Look for the seal.

Dessert remains a popular post-meal occasion, with 57% of consumers eating dessert at least once a week and a third of consumers stating they eat dessert daily. When it comes to delineating what makes a dessert a dessert, conventional definitions continue to dominate. Some 71% of consumers say that traditional desserts such as cookies, pies and cakes are what define a dessert. However, desserts are increasingly defined as anytime occasions. The percentage of consumers who consider a dessert as any sweet food item consumed at any time (not just after a meal) increased to 37%, up from 33% in 2015, as did those who define dessert as sweet beverages consumed at any time (25%, up from 21% in 2015). This suggests that operators now have more opportunities than before to drive off-peak traffic with desserts.

CONSUMER PREFERENCES

For the most part, consumer preferences for dessert types align with what’s already being offered on menus. The top four desserts that consumers say they’re most likely to purchase are among the leading four desserts listed on menus. But there are a number of demographic skews when it comes to dessert preferences. Let’s delve into a few.

FEMALE DOMINANT

Among all desserts listed, women are more likely than men to say they’re likely to purchase them. For some desserts, skews are more prominent: 66% of women versus just 59% of men are likely to purchase ice cream or gelato; 48% of women versus 38% of men are likely to buy frozen yogurt; and 68% of women versus 57% of men are likely to order cheesecake.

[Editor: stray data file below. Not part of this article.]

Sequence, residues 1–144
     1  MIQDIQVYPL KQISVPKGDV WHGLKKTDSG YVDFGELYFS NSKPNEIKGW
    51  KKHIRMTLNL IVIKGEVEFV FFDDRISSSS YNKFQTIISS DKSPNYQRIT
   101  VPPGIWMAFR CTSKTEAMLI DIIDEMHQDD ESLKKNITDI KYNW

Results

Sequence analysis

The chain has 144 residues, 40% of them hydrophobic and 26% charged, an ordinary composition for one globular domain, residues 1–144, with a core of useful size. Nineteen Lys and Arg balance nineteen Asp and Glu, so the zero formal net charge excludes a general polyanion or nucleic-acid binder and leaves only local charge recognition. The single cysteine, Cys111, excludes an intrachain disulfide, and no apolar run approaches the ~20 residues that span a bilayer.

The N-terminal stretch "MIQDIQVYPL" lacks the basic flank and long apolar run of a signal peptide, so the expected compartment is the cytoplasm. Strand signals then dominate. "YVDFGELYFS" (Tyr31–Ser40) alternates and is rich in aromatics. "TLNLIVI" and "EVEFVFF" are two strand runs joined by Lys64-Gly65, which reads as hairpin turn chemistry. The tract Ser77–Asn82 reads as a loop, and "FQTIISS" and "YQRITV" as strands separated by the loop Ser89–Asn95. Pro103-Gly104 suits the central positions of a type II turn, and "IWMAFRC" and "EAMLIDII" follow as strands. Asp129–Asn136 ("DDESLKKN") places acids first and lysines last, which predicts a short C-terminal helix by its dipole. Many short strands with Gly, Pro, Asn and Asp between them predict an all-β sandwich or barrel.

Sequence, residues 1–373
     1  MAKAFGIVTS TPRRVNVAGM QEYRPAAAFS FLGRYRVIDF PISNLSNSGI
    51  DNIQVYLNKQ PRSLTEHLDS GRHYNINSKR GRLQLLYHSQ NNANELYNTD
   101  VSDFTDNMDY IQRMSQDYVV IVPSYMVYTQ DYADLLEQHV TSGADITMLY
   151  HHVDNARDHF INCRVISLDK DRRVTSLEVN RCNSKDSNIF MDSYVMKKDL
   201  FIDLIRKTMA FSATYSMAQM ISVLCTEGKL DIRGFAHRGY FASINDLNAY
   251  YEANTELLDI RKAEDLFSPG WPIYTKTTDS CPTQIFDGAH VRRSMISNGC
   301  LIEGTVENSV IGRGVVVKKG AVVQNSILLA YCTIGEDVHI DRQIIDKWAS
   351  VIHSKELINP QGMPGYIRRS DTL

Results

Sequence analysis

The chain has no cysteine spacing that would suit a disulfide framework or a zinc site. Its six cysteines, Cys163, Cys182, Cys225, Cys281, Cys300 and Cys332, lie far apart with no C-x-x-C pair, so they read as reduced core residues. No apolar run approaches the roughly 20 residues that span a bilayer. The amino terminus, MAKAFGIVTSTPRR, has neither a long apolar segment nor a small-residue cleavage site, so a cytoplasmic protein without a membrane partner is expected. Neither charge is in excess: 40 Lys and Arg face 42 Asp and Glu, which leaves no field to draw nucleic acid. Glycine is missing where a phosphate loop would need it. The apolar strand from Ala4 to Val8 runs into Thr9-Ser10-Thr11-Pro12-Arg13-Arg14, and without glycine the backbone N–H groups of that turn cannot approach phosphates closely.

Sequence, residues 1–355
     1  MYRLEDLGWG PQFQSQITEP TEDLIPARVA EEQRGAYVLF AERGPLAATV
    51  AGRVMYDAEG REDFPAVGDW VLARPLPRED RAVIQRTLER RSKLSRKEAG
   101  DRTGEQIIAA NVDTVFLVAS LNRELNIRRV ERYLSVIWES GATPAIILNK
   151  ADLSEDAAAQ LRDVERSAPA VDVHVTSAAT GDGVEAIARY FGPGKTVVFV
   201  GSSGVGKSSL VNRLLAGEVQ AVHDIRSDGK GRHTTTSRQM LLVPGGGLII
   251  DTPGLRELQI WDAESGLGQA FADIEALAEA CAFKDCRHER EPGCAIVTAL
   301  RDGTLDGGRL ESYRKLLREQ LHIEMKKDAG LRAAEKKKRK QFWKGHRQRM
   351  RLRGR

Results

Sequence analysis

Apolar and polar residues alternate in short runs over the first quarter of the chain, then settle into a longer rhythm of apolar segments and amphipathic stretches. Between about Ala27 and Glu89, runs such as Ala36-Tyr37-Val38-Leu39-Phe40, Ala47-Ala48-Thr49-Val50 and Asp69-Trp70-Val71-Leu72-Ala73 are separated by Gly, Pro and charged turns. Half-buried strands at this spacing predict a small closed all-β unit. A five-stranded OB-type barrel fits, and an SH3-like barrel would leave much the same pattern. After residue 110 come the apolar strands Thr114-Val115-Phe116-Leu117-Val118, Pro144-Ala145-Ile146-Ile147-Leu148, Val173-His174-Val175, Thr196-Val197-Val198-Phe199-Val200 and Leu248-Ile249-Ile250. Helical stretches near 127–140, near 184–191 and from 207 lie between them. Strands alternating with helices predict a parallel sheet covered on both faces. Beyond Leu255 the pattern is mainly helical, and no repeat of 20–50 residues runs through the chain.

MILLENNIAL LEADERS

Millennials (those born between 1977 and 1992) are more likely than consumers of all other generations to order every dessert. The sole exception is with ice cream and gelato—Gen Zers slightly beat out Millennials, with 75% saying they’d likely purchase ice cream or gelato versus 74% of Millennials.

SOUTHERN SWEETS

In most instances, consumers in the South are more likely than those from other regions to order most desserts, including brownies, cake, cheesecake, cheese plates, cookies, ice cream, milkshakes, pudding/custard and pies/cobblers. However, it’s not the case for all desserts: Northeasterners are the most likely to order ethnic desserts and Westerners are the most likely to purchase frozen yogurt.

TOPPING PREFERENCES

Three in five consumers (60%) enjoy putting toppings on their desserts. This is largely driven by younger consumers, with 70% of Gen Zers and 71% of Millennials agreeing. Here are a few facts to consider regarding dessert toppings.

Whipped cream is a topping favorite for a range of desserts. Some 68% of consumers enjoy topping their desserts with whipped cream, skewing high for Gen Xers at 74%. It’s a top-two favorite topping for both ice cream and frozen yogurt.

Cream cheese frosting is an innovative topping for cakes, the leading dessert after ice cream on which consumers say they enjoy putting toppings. Plus, this could further appeal to the 57% of Millennials who say they want to see more cheese-based desserts.

Novel toppings beyond the ordinary could appeal to those looking for more nontraditional desserts. How about drizzling butterscotch syrup or dropping candy pieces atop a traditional dessert for a twist on a classic?

FUNCTIONAL BEVERAGE TRENDS

For years, the leading consumer preferences and flavors for desserts have remained relatively unchanged. Consumers clearly like the classics. But the classics can be updated or upgraded, and today’s trends prove that operators are continuously thinking about how to evolve their dessert menus with consumer preferences and food trends in mind.

HEALTHFUL DESSERTS